For years, gig economy companies have grown at breakneck speed, making up for losses in the hope that the profits will one day roll in.

But now those companies are emphasizing profitability over growth, said Michael Morton, senior research analyst at Internet stocks at Moffett Nathanson.

“These companies are maturing. They’re growing not into the future, but beyond growth, at all costs, and now they’re showing growth in profitability for shareholders,” Morton told Yahoo Finance. (Watch the video above)

Over the past decade, gig economy companies have grown. For example, Uber recently announced $116 billion in gross bookings. That’s compared to $19.23 billion the company reported the year it went public.

“It was a pace where you grow as fast as you can and hire people as fast as you can, and at some point when the growth rate starts to slow down, you see more focus on profitability,” Morton said. “The market has long rewarded companies like this, especially the private markets, to grow. Don’t worry about profits.

Morton says there are several signs that gig economy companies are on the way to profitability. In particular, Dr. Dash (Dash) CEO Tony Xu pointed to a letter he sent to employees in November, which announced layoffs and indicated that the company would reduce its revenue focus.

“As our business continues to grow rapidly, depending on how fast we hire, operating expenses – if left unabated – will continue to exceed our revenue,” Xu wrote.

Morton cited several tweets from the CTO, co-founder and CEO of Uber. For example, in a letter to employees last year, Uber CEO Dara Khosrowshahi said, “Now it’s about free cash flow. We can and must get there faster,” according to CNBC.

So far, neither company has shown profitability. For example, Uber ended September 30 and reported an EBITDA loss of around $270. DoorDash: $190 million in losses, Bloomberg reported, during the same period.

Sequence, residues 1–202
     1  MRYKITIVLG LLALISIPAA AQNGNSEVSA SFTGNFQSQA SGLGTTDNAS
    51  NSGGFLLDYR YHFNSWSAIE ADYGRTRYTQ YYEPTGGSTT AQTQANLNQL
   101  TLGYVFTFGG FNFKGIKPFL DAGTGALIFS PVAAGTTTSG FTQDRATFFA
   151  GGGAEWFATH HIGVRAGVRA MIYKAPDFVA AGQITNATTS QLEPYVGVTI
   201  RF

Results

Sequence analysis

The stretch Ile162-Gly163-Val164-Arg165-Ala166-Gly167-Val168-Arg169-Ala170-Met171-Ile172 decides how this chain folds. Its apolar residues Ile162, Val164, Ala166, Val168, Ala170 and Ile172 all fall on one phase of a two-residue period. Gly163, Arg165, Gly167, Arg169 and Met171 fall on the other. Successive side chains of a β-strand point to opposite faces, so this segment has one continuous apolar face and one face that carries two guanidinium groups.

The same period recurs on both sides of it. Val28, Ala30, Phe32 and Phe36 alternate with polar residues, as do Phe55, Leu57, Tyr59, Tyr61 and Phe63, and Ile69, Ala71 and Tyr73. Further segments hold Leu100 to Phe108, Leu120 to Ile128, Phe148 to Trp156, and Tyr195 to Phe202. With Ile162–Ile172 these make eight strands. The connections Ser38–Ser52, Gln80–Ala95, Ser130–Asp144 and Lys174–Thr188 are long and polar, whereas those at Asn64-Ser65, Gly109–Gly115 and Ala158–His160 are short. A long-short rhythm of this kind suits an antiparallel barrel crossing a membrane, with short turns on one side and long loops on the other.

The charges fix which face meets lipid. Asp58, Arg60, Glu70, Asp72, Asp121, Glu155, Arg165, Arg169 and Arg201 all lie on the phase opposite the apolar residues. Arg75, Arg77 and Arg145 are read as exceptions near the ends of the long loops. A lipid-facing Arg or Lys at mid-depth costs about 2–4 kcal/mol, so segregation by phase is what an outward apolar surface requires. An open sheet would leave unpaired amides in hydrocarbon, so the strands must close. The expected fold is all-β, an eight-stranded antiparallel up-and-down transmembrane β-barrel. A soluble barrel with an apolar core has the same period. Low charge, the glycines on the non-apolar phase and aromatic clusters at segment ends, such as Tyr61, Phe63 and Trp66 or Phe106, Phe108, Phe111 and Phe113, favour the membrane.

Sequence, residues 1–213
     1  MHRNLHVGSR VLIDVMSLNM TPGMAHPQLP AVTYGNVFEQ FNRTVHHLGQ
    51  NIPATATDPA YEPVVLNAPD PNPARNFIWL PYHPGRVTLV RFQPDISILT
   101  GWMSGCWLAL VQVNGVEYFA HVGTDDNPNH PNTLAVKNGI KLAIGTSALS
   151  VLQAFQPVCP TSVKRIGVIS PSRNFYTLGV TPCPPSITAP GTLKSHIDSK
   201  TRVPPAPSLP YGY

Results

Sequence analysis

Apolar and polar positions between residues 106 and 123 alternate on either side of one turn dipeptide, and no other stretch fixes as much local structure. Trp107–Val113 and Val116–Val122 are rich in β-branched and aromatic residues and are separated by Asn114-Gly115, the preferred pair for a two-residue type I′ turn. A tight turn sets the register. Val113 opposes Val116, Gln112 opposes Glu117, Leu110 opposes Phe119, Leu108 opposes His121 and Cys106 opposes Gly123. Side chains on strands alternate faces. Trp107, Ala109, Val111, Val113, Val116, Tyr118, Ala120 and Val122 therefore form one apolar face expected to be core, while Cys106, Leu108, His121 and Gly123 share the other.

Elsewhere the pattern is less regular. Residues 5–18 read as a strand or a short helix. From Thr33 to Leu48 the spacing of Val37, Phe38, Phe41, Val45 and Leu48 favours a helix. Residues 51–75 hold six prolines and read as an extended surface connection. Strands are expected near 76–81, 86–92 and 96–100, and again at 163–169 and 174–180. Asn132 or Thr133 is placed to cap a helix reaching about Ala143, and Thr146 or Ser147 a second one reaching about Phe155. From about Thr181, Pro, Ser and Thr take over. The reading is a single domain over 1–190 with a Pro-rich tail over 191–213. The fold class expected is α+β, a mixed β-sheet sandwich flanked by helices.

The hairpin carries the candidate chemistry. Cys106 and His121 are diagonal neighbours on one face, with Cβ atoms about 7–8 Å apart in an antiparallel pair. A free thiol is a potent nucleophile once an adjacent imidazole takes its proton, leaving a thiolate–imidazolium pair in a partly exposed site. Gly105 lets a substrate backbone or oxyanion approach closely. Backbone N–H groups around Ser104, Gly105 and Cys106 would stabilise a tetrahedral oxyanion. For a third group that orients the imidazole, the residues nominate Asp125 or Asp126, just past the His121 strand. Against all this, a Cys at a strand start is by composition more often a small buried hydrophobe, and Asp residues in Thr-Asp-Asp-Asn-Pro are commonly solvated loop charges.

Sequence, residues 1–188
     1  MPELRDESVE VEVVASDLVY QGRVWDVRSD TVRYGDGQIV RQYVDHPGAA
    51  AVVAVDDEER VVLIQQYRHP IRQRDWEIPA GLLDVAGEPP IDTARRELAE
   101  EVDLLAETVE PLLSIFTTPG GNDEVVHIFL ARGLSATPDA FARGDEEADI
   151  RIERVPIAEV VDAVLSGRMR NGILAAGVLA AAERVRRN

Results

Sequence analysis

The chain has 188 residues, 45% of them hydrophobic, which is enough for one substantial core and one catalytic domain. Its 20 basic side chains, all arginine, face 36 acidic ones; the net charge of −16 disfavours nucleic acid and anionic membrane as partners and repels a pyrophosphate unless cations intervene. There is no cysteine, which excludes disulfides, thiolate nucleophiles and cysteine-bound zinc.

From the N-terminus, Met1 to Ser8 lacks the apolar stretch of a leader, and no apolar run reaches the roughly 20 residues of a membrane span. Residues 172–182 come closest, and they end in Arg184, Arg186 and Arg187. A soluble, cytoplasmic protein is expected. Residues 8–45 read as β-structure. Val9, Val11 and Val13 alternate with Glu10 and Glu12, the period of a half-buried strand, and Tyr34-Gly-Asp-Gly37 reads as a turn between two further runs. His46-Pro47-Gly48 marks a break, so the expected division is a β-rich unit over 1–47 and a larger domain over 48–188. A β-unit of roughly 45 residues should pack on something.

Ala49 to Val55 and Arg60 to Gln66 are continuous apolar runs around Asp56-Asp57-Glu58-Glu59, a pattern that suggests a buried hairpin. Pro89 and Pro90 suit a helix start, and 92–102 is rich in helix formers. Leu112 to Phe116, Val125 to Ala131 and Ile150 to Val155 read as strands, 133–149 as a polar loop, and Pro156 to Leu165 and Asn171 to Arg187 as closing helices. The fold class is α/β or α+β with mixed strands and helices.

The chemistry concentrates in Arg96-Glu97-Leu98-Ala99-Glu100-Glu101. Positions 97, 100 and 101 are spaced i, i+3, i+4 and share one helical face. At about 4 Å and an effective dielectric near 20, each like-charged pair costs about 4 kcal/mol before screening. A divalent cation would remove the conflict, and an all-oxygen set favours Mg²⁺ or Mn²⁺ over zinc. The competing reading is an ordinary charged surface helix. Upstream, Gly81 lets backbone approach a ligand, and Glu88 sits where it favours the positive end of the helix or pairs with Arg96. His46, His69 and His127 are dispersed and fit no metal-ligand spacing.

Worse, in the recent labor shortage, such firms have struggled to find workers. For example, Uber and Lyft ( LYFT ) lost more than 60 percent of their drivers during the pandemic and today are below pre-pandemic levels, Business Insider reported. Meanwhile, in the wake of the outbreak, Doordash has also reported having trouble finding “dashers” to deliver food.

“Berdash does a little better because it’s less intimidating to pick up a bag of food than it is to let a stranger in your car,” Morton said.

During an economic downturn, Morton said the gig economy may see an increase in workers looking for companies to supplement their income.

On the other hand, Morton said, if the economy slows down, it could hamper the way gig companies push to profit. That’s because consumers may be less likely to use services like Uber or DoorDash during tough times.

“It’s no secret that it’s very expensive to take the 3L train from the East Village[in New York City]to the West Village across the city of Euburn,” Morton said. “Or what about food pickup and delivery? If you’re talking about McDonald’s, our report shows an 80% price increase between real-life pickup or ordering from Uber or DoorDash.

Still, Morton has proven in the past that similar services are resilient to economic downturns. For example, in According to the latest report by Moffett Nathanson, the cost of taxis decreased slightly in 2008-2009.

Simply put, companies in the gig age can succeed in their quest to be profitable even in an uncertain economic outlook.

Dylan Kroll is a reporter and researcher at Yahoo Finance. Follow him on Twitter @CrollonPatrol.

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